Veterans walk pier-to-pier for a good cause
Two veterans are walking coast-to-coast with the mission to spread awareness about Post Traumatic Stress Disorder and other struggles some military members face after returning home.
Before starting their journey, John Ring and Jimmy Matthews were strangers.
The only thing they had in common: they both served in our nation's military.
Although, with close to 1,500 miles under their belt, the two veterans have become more like brothers.
With one foot in front of the other, the two are walking pier-to-pier to raise awareness for veterans and struggles they face daily.
"Veterans are struggling all around the county. It is not isolated to one area; it is not isolated to one branch of service. It is not isolated to one gender. Men and women all deal with the same issues,” said Ring.
These issues are why the journey started.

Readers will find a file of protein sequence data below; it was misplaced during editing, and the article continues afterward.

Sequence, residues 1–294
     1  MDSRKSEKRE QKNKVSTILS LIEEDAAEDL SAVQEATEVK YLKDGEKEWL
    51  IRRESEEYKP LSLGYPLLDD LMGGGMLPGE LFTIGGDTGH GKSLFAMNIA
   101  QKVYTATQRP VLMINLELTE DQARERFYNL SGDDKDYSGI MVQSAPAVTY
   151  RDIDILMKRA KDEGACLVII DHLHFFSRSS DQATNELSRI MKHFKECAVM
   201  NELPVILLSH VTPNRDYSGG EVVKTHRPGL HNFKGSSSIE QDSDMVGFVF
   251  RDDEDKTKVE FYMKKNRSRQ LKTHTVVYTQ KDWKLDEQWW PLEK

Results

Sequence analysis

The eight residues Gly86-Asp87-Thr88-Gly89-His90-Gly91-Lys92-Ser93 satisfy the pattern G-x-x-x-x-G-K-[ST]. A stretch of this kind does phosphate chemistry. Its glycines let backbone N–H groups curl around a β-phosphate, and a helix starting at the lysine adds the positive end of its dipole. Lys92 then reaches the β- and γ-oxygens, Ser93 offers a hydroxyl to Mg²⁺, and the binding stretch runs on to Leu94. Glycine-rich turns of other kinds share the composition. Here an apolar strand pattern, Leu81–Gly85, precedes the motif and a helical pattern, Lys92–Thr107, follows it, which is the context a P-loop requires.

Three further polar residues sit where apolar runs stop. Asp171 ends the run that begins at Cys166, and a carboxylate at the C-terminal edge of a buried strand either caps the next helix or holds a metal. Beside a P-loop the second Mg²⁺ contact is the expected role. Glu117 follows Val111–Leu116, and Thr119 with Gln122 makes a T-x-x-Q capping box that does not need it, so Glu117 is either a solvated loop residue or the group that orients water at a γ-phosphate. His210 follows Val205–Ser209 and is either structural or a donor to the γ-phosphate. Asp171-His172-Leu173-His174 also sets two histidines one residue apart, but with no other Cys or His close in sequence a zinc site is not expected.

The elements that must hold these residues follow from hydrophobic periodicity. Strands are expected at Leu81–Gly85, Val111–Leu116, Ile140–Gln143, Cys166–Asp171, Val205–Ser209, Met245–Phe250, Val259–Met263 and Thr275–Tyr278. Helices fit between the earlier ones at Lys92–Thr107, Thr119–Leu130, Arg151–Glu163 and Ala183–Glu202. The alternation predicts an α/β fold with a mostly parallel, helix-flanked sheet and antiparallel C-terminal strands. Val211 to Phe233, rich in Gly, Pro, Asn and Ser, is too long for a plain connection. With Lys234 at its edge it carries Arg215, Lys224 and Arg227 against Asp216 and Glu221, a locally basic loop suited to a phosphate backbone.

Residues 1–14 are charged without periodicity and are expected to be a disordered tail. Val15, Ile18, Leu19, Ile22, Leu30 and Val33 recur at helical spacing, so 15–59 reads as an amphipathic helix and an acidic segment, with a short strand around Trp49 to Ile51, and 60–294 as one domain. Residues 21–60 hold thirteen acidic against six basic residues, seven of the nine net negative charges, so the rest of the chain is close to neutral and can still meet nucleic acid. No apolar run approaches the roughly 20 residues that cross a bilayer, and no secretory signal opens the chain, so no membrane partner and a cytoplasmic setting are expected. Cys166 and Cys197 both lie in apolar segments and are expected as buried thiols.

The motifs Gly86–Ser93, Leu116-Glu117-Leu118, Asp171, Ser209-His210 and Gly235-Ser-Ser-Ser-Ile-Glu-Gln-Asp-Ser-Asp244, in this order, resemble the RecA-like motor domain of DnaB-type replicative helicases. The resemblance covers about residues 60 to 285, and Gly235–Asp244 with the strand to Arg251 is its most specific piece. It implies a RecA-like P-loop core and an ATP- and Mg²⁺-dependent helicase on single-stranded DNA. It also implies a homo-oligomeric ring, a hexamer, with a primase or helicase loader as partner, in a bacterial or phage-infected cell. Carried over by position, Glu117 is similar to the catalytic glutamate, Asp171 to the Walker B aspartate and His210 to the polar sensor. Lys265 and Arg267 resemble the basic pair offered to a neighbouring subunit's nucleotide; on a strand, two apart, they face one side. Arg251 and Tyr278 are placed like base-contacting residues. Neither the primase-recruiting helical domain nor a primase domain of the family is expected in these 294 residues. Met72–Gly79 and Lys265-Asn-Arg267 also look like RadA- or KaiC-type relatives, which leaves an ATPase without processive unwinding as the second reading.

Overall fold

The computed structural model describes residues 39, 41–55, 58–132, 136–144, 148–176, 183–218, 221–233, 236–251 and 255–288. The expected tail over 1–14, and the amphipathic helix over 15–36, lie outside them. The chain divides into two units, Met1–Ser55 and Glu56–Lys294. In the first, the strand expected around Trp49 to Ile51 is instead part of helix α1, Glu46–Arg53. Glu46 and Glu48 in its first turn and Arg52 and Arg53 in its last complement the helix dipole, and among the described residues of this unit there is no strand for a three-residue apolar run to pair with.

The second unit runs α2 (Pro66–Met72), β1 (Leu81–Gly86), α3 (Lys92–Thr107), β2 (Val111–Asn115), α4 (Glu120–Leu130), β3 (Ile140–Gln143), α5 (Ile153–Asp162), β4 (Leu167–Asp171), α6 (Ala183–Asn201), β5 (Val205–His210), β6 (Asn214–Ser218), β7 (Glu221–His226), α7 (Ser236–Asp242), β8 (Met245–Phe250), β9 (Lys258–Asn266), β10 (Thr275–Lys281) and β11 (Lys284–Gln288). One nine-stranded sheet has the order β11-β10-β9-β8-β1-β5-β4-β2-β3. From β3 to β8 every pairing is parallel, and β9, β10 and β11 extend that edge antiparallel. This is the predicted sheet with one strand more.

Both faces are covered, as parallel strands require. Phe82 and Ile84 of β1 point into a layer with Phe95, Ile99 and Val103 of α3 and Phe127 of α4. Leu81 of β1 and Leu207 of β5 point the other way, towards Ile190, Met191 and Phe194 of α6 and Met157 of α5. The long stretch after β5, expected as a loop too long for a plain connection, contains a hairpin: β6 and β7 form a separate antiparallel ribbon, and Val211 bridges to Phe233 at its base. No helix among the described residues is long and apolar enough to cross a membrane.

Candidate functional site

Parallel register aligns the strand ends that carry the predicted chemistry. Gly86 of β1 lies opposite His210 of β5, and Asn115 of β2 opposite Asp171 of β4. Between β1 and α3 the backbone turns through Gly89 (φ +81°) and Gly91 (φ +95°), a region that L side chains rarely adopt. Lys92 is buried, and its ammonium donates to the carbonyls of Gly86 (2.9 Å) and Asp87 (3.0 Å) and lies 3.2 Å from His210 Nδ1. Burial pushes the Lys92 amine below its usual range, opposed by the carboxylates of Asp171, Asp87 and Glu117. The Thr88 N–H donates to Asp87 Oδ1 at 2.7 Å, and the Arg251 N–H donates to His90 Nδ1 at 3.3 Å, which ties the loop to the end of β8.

Ring and Matthews tell CBS7 News that PTSD, homelessness, unemployment and just readjusting to regular civilian life are all battles veterans have to overcome when returning home.
"I want the community to reach out and let them know they are not alone. When they are in their time of struggle when you see a veteran thank them for their service and let them know they are not alone in this fight,” said Matthews.
The mission started in October at Tybee Island in Georgia.
The two said they will keep going talking and informing locals until they reach Santa Monica Pier in May.
"Veterans pretty much just want you to know that they are struggling. They are human beings. They just want to talk to people that understand and want the community to reach out and let them know they are not alone,” said Matthews.
Waving at passing cars on Highway 191, the two reached their West Texas destination with help from Odessa Fire Rescue.
The veterans have already walked through places like Stanton, Big Spring, and Midland.
They hope at least one veteran is impacted by their walk.
"We are all on the same mission out here. We are all trying to help veterans. We are all trying to raise awareness of the issue. I think that is probably the biggest message that I can give. That is just not West Texas, not just Texas, that is all over the county,” said Ring.
Ring and Matthews said the impact for veterans goes even further when local veteran organizations work together.